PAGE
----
Diminutive of midge (from Old English mygg, mycg (“gnat”), from Proto-Germanic *mugjō, from Proto-Indo-European *mus-, *mu-, *mew-; cognate with Dutch mug (“mosquito”) and German Mücke (“midge, gnat”)), using the suffix -et, originally (1865) for a "little sand fly", only around 1869 also a "very small person".
midget (plural midgets)
- (originally) A little sandfly.
- Although tiny and just two-winged, midgets can bite you manyfold till you itch all over your unprotected skin
- (loosely) Any small swarming insect similar to the mosquito; a midge
- A normally proportioned person with small stature, usually defined as reaching an adult height less than 4'10". [from later 19th c.]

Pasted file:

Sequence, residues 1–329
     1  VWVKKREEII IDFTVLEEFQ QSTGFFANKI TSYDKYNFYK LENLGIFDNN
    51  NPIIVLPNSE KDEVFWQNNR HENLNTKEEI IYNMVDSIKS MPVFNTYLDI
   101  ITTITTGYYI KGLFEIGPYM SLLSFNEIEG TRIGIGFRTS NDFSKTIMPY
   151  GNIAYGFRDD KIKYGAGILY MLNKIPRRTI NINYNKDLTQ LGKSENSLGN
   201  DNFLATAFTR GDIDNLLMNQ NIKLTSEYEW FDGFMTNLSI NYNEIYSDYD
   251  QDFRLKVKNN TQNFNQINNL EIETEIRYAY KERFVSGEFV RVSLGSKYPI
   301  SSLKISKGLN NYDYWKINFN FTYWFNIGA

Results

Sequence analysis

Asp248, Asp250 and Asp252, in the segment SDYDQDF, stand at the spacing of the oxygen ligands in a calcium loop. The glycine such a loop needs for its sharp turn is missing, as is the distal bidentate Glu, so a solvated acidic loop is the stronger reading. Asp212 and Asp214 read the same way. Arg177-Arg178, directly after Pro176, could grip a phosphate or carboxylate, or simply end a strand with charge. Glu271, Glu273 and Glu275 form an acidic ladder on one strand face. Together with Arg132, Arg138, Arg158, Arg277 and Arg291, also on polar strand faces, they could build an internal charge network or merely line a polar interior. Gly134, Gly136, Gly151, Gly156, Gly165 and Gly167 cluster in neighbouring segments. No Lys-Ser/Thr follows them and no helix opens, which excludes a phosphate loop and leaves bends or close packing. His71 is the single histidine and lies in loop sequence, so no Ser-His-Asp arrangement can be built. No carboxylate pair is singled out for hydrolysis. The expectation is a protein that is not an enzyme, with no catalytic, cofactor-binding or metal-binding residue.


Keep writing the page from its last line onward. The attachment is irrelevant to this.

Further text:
- (sometimes derogatory) Any short person.
- (attributively) That is a small version of something; miniature
- the midget pony
- Used for an insect, this is a variation on midge that is incorrect but commonly used.
- (person below 4'10"): dwarf (loosely)
- (derogatory: any small person): dwarf, short-arse, shortie/shorty, tich/titch, vertically challenged person (humorous)
- (swarming insect): midge
- (miniature): dwarf
- The translations below need to be checked and inserted above into the appropriate translation tables, removing any numbers. Numbers do not necessarily match those in definitions. See instructions at Wiktionary:Entry layout#Translations.
loosely: a midge See midge